Early in her account, Andrea’s mother and stepfather are polar-opposites:  Peter is brutal, a villain, while her mother is kind, a helpful guardian.  Peter pounds upon his family with “his hairy fist[s]” (18), brutally beating up both Andrea and her mother.  He is a savage bully, an “ogre,” whose close resemblance would be found amongst the villainry in the book of fairy-tales he rips up.  And Andrea’s mother is described as the sort of person who trips-up ogres’ intentions to mash up their prey.  Just as Del was expected to look at her uncle’s corpse, Andrea is told by a guide to look at a “nasty ogre” (27), hidden in the cave’s shadows.  And while Del’s mother was agitated and combative, Andrea’s mother soothes her child by tenderly squeezing her hand, and asking her, “Well, who wants to see an ogre?” (27).  Andrea knows her mother would help defend her against ogres, and she does, telling Peter, ‘Not in front of the girls!,’” while her “head whipped back like a doll’s” (49) from being hit by him; and also later when she directs the knife-wielding Peter’s attention onto herself, telling him, “[t]his isn’t about the girls” (66).
But while Andrea’s mother defiantly declares that Peter would “not lay a finger on them [her children]” (11), given that her stepfather had beaten her up the night before, Andrea also knows that her mother had not been able to prevent Peter from doing so.  Knowing how much this truth would overwhelm her mother, Andrea protects her by not telling her about the abuse.  She may, however, with her reluctance to explore why her mother frequently allows back into the home partners who beat up her children, also here be protecting herself from seriously engaging the likelihood that her mother not only at some level knows about the abuse but actually encourages it.  She certainly shows us instances where her mother—shown to behave so differently than she did previously with Peter—aligns herself with Terry and betrays her children’s need for support.  She tells us her sisters believed her mother had “betrayed” (228) them, but Andrea, speaking with more textual authority than her younger sisters are permitted, establishes them as simply in-error about this.
But while Andrea likely displaces and rationalizes her mother’s hostility, there are signs in her text that show she suspects her mother is indeed “greedy for her hurt.”  For instance, the importance of Andrea’s schooling as her means of escaping an oppressive, dangerous—potentially even deadly—home life, is made clear in the text.  And Andrea chooses to place her mother’s decision to move to Manchester—where there are no grammar schools—just one page after she informs us of her admittance to Lancashire Grammar (99-100).  The dangers that await one in poor neighborhoods are overtly presented in the text, too, and, just one page after describing an incident where a man tried to stab her, Andrea tells us of her mother’s decision to move where a “poor lass got dragged down [. . .] and raped” (153).  However, there is always enough wiggle-room provided in her text that if we (and/or she) would prefer to understand her mother’s motives as essentially benign, we are able to do so without too much difficulty.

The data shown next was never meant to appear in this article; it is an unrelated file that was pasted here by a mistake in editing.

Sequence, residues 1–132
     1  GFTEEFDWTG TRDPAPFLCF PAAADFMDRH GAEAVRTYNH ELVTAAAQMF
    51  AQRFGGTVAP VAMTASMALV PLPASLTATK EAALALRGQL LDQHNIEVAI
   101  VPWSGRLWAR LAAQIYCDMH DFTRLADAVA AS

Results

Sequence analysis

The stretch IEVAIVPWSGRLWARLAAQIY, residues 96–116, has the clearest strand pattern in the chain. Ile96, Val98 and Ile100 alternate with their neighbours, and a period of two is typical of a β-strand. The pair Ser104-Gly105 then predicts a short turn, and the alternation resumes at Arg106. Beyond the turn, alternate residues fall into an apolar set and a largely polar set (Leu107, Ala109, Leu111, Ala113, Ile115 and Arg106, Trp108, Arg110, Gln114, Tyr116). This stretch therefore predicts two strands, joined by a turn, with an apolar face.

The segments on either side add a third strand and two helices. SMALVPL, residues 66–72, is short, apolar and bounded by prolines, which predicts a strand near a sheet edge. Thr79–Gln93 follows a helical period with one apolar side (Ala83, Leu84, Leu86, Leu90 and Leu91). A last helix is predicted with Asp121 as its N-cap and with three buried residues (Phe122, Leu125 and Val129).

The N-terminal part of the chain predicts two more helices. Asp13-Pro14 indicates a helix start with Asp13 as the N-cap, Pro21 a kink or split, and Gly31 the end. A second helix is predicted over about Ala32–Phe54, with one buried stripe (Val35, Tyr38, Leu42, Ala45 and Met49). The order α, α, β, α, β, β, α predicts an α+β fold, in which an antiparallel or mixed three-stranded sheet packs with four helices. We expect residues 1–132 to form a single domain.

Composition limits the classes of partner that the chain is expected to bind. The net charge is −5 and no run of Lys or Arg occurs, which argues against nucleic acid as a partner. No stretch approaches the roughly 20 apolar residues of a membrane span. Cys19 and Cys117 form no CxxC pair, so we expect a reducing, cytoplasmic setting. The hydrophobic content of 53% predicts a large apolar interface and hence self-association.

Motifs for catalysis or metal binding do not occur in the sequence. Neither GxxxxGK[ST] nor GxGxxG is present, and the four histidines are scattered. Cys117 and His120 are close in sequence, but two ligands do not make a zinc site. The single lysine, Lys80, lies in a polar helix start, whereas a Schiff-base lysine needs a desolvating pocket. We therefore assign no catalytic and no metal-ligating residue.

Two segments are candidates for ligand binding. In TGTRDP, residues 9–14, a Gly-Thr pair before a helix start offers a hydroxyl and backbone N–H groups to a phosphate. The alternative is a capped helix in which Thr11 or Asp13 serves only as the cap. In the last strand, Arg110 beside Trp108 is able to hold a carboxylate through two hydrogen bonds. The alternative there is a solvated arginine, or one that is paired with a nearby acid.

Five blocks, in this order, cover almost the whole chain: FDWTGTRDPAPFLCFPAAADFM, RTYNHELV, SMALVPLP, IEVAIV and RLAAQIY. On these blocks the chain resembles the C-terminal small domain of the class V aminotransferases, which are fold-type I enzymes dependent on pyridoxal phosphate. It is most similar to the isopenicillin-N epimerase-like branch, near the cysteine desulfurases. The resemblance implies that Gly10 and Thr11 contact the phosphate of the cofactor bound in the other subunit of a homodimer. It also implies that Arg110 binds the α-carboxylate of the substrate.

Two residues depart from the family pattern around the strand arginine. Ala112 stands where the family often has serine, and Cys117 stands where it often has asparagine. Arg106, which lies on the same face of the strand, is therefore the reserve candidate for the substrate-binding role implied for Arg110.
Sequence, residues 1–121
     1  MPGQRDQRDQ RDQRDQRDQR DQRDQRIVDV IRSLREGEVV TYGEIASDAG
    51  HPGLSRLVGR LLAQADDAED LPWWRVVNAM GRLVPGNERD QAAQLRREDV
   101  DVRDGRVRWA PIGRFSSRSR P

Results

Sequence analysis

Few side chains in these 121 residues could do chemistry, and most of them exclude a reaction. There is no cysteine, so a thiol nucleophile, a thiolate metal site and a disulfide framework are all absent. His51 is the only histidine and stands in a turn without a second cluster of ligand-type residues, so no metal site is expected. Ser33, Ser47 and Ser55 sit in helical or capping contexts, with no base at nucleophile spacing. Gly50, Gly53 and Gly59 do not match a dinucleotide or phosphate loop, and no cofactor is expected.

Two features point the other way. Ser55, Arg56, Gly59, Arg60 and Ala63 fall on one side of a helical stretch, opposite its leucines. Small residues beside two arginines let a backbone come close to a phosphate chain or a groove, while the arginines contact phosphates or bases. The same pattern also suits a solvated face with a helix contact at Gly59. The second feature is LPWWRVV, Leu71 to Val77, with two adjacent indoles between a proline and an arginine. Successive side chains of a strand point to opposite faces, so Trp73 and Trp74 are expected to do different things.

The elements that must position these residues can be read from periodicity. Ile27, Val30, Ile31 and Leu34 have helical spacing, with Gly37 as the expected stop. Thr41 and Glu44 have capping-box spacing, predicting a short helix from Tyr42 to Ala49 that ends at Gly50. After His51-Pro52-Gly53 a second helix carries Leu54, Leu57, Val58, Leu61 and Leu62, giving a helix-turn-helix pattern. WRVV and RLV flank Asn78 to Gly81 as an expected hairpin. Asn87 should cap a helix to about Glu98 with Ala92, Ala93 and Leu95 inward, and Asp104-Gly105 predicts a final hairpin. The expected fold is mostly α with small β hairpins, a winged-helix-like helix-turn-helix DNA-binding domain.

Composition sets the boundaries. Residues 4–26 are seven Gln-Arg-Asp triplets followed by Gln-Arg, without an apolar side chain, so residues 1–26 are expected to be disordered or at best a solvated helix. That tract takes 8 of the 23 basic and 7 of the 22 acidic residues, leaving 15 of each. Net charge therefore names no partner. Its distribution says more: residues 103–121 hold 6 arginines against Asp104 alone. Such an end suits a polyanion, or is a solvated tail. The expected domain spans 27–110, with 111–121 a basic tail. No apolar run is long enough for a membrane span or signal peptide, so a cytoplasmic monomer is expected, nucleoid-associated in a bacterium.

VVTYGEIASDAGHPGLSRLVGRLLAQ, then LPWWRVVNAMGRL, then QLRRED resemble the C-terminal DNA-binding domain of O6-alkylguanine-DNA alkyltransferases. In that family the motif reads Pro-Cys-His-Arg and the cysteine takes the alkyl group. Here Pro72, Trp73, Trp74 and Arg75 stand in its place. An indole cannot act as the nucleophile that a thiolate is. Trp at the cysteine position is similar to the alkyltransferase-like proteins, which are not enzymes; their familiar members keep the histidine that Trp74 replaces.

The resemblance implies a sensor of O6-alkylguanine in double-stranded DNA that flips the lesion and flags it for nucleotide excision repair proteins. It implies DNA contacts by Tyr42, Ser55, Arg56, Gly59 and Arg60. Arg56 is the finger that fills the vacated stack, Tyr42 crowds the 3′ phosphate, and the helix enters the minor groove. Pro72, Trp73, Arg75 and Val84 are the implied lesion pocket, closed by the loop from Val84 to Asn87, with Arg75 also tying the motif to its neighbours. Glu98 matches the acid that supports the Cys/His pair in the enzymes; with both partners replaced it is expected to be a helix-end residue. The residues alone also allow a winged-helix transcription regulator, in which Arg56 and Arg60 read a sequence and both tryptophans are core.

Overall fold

Andrea’s mother is, by the end of Andrea’s account, a more ambiguous figure than she was at the beginning, but she is no ogre.  If Andrea’s mother retains some of the heroic status at the end of the account she had at the beginning, doubtless this is because, despite her periods of withdrawal during Andrea’s adolescence, she often was, or at least clearly wanted to be, available to help her.  However, it is also likely that Andrea needed to have someone who could defend her against all the perils associated with living in a “house on fire,” and to some extent created this person in her narrative.  The narrator of Les Enfants Terribles may do the same thing when, despite the frequent comparisons made between Elisabeth and monstrous things, he also likens her to “a captain on a bridge” (69) and to “a merciful judge” (114)—that is, to an enfranchised individual who might help rather than destroy him.  If we allow ourselves to imagine, to remember how terrifying our own parents’ sadism was to us as children, indeed, how it made us feel as if they wanted us dead, we can better appreciate just how brave their attempts to explore it, to face it, are.   As for Del, who looks to God but can stare Death right in the face, she is the sort of hero we all might want to look to for support.

Works Cited
Ashworth, Andrea. Once in a House on Fire. London: Picador, 1998. Print.
Cocteau, Jean. Les Enfants Terribles. Trans.  Rosamond Lehmann. Toronto:  Penguin, 1961. Print.
DeMause, Lloyd. The Emotional Life of Nations. New York: Institute for Psychohistory, 2002. Print.
Munro, Alice. Lives of Girls and Women. Toronto: Penguin, 1996. Print.
Rheingold, Joseph. The Mother , Anxiety, and Death: The Catastrophic Death
Complex. London: Little, Brown, 1967. Print.